Can be used to help detect acute and chronic HBV infections; it is produced in response to the core antigen and usually persists for life. Also used to detect past infection but now immune in combination with Anti-HBs.

    Hepatitis B e Antigen (HBeAg)

    Protein produced and released into the blood by actively replicating hepatitis B virus

    The e-antigen is found in the blood only when the HBV virus is actively replicating. HBeAg is often used as a marker of ability to spread the virus to other people (infectivity). It may also be used to monitor the effectiveness of treatment. If the virus is “in –hiding” the eAg will no longer be present in the blood. *There are some types (strains) of HBV that do not make e-antigen; these are especially common in the Middle East and Asia. In areas where these strains of HBV are common, testing for HBeAg is not very useful.

    Anti-hepatitis B e antibody (Anti-HBe)

    Antibody produced in response to the hepatitis B e antigen

    In those who have recovered from acute hepatitis B infection, anti-HBe will be present along with anti-HBc and anti-HBs. In those with chronic hepatitis B, anti-HBe can be used to monitor the infection and treatment.

    Hepatitis B DNA (HBV DNA)

    Detects hepatitis B viral genetic material (DNA)

    Can detect an active HBV infection; its primary use is to monitor antiviral therapy in patients with chronic HBV infections.

    *Sometimes, HBV goes into “hiding” in the liver and other cells and does not produce new viruses that can infect others, or produces them in such low amounts that they cannot be found in the blood. People who have this form are said to be carriers. In other cases, the body continues to make viruses that can further infect the liver and can be spread to other people. In both these cases, HBsAg will be positive. The HBeAG and Anti-HBe tests help in this diagnosis

    .

  • When is it requested?

    These tests are used to determine whether the vaccine has produced the desired level of immunity as well as to diagnose and follow the course of an infection.

    In a patient with acute hepatitis, IgM anti-HBc and HBsAg are usually requested together to detect recent infection by HBV. In persons with chronic hepatitis, or with elevated ALT or AST, HBsAg and anti-HBc are usually done to see if the liver damage is due to HBV. If so, HBsAg and HBeAg are usually measured on a regular basis (every 6 months to a year), since in some people HBeAg (and, less commonly, HBsAg) will go away on its own. In those who are being treated for chronic HBV, HBeAg and HBV DNA can be used to determine whether the treatment is successful. If a person is given the HBV vaccine, anti-HBs is used to see if it successful; if levels of the antibody are over 10 mIU/mL, the person is probably protected for life from infection by HBV.

    All donated blood is tested for the presence of the HBsAg before being distributed.

  • What does the test result mean?

    Hepatitis B results are often requested in combination, rather than individually, depending on the reason for testing. The results therefore will be evaluated together. Not all people will have all tests performed, therefore you need to be aware of what tests your doctor is requesting and why to understand what the results mean.

    The table below summarises some of the results and what they mean. It is not fully comprehensive but covers the majority of common results.

     

    Hep B surface antigen (HBsAg)

    Hep B surface antibody (Anti-HBs)

    Hep B core antibody (Anti-HBc IgM)

    Hep B core antibody Total (Anti-HBc IgG+IgM)

    Hep B e antigen (HBeAg)* see note below

    Hep B e antibody (Anti-HBe)

    Interpretation / Stage of Infection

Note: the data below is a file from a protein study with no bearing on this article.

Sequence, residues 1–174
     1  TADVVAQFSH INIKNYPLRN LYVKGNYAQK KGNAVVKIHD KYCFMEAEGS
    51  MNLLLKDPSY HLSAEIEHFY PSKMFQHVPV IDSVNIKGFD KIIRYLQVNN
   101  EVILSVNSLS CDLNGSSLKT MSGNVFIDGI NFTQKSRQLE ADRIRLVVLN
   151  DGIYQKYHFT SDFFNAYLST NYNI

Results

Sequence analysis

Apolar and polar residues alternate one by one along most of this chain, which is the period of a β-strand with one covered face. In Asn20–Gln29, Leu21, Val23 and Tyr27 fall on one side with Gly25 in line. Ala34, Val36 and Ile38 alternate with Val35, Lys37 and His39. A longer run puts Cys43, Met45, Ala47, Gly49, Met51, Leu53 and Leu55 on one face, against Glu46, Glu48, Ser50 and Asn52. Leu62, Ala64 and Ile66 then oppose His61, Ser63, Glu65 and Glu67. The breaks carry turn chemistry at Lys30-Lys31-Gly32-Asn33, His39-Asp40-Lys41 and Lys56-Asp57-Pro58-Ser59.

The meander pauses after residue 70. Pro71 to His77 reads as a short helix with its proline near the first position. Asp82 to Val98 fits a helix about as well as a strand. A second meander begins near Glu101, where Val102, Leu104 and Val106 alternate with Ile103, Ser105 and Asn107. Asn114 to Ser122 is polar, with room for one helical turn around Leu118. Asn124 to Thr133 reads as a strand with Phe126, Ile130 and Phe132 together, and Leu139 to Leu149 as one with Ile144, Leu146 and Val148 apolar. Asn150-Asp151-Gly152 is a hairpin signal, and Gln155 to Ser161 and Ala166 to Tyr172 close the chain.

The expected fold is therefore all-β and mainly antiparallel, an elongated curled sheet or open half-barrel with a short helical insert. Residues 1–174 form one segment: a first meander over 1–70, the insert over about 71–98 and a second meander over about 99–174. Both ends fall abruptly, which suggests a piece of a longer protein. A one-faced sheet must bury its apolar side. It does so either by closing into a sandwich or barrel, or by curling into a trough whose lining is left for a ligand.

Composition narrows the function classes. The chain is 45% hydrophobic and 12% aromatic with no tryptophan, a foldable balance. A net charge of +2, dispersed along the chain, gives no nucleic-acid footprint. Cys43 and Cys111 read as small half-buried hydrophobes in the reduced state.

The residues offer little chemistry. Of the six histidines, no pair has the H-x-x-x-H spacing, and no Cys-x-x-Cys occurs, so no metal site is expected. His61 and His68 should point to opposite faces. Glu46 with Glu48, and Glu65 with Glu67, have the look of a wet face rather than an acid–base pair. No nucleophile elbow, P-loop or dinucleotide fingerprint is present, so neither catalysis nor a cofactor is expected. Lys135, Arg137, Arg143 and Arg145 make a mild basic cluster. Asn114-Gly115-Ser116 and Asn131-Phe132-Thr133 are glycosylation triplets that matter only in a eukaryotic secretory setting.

Negative

    Negative

     

    Negative

     

     

    No active or prior infection; not immune - may be good candidate for vaccine

    Negative

    Negative/low positive

    Positive

    Positive

    Negative

    Positive

    Acute infection , now resolving

    Negative

    Positive

    Negative

    Positive

    Negative*

    Positive

    Infection resolved: immunity due to natural infection

    Negative

    Positive

     

    Negative

     

     

    Immunity due to vaccination

    Positive

    Negative

    Negative

    Negative

    Positive

    Negative

    Early acute infection

    Positive

    Negative

    Positive or Negative

    Positive or Negative

    Positive

    Negative

    Acute infection – usually with symptoms: contagious

    Positive

    Negative

    Positive

    Positive

    Negative*

    Positive

    Late in acute infection (seroconversion)

    Negative

    Negative

    Positive

    Positive

    Negative*

    Positive

    Acute infection is resolving (convalescent)

    Positive

    Negative

    Negative

    Positive

    Negative*

    Positive

    Chronic infection but low risk of liver damage – carrier state

    Positive

    Negative

    Negative

    Positive

    Positive

    Negative

    Indicate active chronic infection – liver damage possible

    * Note: There are some types (strains) of HBV that do not make e-antigen. In areas where these strains of HBV are common (in the Middle East and Asia), testing for HBeAg is not very useful. In these cases, a negative HbeAg result does not necessarily mean that the antigen is not present or that the person is not infectious; it may be that the person is infected with a strain that does not make the e-antigen.  

  • Is there anything else I should know?

    While the tests described above are specific for HBV, other liver function tests such as AST, ALT, and gamma-glutamyl transferase (GGT) may be used to monitor the progress of the disease. In some cases, a liver biopsy may be performed for confirmation.

  • If it is possible that I have an HBV infection, will I need to have all of these tests done?

    No. Your doctor will determine which test(s) will be appropriate for your symptoms and history.

  • Should I have the HBV vaccine?

    Yes. Unless there is something in your medical history to the contrary, it is prudent to have the series of vaccinations. In the UK pregnant women are routinely tested for infection and, if positive, immunoglobulin and vaccination of the newborn baby is offered. Periodic measurement of anti-HBs in persons who have developed immunity to HBV is not needed; even if their antibody level falls below 10 mIU/mL, they still appear to be protected if exposed to the virus.

  • Can I test myself for immunity?

    No. These tests must be performed by trained laboratory staff in an accredited laboratory.